Hey Everyone, I had the pleasure of visiting with the Canadian techies in Toronto after delivering my presentation on “Ethereum: The World Computer” at the Blockchain Training Conference last month. I wanted to provide you with an overview of some of the more thrilling advancements in the Ethereum development environment. Let’s take a look!
The Ethereum wallet has seen substantial improvements over the last few months. It now offers the capability of contract interaction through a new API. The “custom contracts” tab is a big improvement over using the command-line to send transactions. The team has been actively adding new members and are currently implementing the new versions of Mist and Geth that will provide several enhancements. If you’re still using an older version, please upgrade to Fog 0.8.0 for the freshest features.
Screenshot Fog 0.8.0
The CPP crew has shifted their focus after the difficult work of restructuring the C++ codebase. Remix, the IDE that targets the web, reached its first beta and was released online with a demo. Check out the repository at https://github.com/ethereum/remix for more information. There is still a dearth of EVM IDEs, so this might be a huge leap forward in terms of accessibility. They’ve also recently released an online robustness calculator, as well as security tools like EVMDIS. You can read Christian’s C++ DEV Update for the full scoop.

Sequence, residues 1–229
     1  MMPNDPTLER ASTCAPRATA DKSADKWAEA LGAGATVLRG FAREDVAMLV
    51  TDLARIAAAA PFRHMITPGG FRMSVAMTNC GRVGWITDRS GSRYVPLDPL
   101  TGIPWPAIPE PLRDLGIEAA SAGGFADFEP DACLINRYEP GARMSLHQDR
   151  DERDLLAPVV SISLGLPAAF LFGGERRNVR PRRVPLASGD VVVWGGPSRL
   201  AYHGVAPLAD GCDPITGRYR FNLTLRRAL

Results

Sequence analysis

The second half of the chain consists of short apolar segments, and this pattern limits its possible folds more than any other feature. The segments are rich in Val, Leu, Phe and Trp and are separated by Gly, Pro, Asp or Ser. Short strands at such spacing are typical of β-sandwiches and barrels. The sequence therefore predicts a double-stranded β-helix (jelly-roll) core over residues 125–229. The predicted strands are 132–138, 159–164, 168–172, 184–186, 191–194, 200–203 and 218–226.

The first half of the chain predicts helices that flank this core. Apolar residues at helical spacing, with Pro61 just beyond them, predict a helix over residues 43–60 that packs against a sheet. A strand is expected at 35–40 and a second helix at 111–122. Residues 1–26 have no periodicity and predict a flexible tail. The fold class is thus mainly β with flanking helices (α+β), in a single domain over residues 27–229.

Example ENS hierarchy diagram with multiple records
This is an unofficial project, with many ties to other projects. Nick Johnson has begun work on the Ethereum Name Service. It features smart contract-based solvers that use standard APIs. The specification supports delegation by name component (separated by “.”) and multiple record types. It is possible to build bridges to link with existing systems like DNS. A draft specification is available here and a reference implementation in Solidity is available. The discussion is ongoing over at gitter. This could have far-reaching effects on the usability of services offered on the Internet, including wallet aliases and Swarm friendly node names.
We should keep an eye out for thin client functionality. Zsolt has finished the code and it should soon be merged into the main repository. The new code drastically reduces the time necessary to sync the chain, from genesis block to less than 30 minutes, and from week-by-week to less than one minute. Building on the work Peter did for the quick sync functionality, which is now the default with Mist (“Quick”). It is now being improved to fetch records/receipts, and many iterations are expected over time. This isn’t the last you’ll hear of LES!